Review: ‘Breaking the Girls’ tracks ‘Strangers on a Train’

Though not credited as a remake, “Breaking the Girls” takes the basic premise of “Strangers on a Train,” the Patricia Highsmith novel famously adapted to the screen by Alfred Hitchcock — I’ll kill for you if you’ll kill for me — and transports it to the modern day. Law student Sara (Agnes Bruckner) has had a run of misfortune brought on in no small way by a jealous classmate, costing her a job, a scholarship and a place to live. She also meets the rich, troubled Alex (Madeline Zima), setting in motion a series of events to solve all their problems.

The film’s screenplay was written by Guinevere Turner and Mark Distefano. Turner collaborated with filmmaker Mary Harron on the underappreciated “The Notorious Bettie Page” and the masterful “American Psycho.” There’s a sly delight in “Girls” as characters get the upper hand on each other, and the viewer is repeatedly wrong-footed, put off-balance by shifts in perspective.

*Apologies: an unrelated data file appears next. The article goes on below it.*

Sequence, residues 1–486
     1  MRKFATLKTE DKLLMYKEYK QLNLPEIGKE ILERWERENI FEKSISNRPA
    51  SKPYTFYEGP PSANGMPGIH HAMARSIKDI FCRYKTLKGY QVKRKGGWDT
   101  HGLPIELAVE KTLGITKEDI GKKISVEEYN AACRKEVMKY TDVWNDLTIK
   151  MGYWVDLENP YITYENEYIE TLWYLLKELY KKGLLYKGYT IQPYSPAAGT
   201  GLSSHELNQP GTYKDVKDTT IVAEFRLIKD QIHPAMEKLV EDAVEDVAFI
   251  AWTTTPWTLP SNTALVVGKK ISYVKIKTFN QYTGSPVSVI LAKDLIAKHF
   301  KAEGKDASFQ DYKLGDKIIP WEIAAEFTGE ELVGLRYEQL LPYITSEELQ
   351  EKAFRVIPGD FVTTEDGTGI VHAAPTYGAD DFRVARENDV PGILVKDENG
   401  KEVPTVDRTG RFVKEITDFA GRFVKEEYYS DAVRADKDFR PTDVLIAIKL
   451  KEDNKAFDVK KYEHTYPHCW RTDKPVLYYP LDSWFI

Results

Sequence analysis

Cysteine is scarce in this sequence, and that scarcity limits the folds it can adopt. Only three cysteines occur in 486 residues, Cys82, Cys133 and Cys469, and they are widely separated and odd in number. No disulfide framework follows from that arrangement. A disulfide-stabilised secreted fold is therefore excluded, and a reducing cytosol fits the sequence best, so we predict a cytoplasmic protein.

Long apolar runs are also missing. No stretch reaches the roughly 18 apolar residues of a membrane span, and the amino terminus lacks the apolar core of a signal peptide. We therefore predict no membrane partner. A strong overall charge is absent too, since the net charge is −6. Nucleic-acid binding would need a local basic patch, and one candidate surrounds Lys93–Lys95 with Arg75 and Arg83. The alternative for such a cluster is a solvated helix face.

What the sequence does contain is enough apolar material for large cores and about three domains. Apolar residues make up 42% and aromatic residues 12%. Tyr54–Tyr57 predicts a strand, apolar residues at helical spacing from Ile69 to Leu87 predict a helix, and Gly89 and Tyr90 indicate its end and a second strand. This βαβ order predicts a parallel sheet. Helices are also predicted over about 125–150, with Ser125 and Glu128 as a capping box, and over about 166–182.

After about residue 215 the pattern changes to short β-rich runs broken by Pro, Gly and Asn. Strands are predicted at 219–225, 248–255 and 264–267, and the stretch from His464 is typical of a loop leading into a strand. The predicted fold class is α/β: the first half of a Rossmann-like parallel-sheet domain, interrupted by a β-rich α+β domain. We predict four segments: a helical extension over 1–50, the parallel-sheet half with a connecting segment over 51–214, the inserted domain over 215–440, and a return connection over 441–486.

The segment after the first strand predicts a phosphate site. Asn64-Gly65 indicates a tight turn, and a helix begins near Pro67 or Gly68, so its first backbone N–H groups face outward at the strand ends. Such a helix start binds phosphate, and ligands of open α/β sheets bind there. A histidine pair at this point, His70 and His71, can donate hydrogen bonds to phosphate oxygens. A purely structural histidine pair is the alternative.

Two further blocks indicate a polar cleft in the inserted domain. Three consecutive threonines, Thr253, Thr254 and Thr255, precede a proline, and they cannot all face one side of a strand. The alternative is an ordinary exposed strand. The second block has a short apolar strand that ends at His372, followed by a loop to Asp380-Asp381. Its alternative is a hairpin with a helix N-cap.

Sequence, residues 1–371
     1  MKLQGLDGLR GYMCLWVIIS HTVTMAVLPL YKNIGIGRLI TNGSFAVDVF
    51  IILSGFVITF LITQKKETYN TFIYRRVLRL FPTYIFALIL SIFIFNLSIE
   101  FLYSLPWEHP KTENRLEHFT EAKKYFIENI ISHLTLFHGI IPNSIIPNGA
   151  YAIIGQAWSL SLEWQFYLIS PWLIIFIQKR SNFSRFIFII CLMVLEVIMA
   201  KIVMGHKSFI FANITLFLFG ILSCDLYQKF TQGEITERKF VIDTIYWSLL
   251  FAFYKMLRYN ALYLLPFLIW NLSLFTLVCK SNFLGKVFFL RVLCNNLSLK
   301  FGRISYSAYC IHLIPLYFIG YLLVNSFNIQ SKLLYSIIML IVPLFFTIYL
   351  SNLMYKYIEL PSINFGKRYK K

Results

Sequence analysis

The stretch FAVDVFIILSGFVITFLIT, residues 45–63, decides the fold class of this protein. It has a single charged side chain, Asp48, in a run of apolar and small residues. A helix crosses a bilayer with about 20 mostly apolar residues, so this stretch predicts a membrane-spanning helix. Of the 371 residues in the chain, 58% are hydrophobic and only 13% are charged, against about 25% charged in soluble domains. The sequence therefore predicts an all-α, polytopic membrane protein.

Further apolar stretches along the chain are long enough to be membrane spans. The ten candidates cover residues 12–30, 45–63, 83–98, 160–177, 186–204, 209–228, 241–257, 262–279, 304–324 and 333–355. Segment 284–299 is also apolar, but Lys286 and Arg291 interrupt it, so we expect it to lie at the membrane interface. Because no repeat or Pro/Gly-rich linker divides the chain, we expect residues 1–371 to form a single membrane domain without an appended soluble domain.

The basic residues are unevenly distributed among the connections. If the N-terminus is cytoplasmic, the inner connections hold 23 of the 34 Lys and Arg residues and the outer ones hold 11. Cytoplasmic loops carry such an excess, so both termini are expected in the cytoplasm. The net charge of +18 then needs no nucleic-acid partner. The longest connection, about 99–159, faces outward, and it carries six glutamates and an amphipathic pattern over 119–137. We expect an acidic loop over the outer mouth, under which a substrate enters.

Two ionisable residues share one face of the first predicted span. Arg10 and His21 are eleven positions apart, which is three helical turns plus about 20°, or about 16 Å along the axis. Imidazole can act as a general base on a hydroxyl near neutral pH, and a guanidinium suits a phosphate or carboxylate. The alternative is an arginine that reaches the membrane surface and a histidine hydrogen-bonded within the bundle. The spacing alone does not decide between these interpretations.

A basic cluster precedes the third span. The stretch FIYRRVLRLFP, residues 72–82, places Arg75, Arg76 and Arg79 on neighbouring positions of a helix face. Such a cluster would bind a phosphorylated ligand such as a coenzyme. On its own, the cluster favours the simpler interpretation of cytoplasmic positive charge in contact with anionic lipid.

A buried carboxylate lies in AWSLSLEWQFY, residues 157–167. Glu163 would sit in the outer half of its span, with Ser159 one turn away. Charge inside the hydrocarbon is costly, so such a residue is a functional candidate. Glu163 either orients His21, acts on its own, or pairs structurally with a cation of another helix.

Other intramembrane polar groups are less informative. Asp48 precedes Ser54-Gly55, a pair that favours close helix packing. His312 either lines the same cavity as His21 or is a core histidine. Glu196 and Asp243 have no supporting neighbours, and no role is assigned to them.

Director Jamie Babbit first broke through with her satiric comedy “But I’m a Cheerleader” before moving mostly to television, working on a wide swath of smart shows including the recently departed “Bunheads.” She and her screenwriters have fun throughout, flirting with making the film as a self-aware late-night-cable erotic thriller, as in the three-way make-out scene in a pool that playfully rebuffs the male fantasy of the moment.


“Breaking the Girls” isn’t exactly a throwaway, but more an extended act of teasing foreplay, a movie that is fine for what it is but also never really shifts into something more.


“Breaking the Girls”

MPAA rating: None.

Running time: 1 hour, 23 minutes.

Playing: At the Arena Cinema, Hollywood.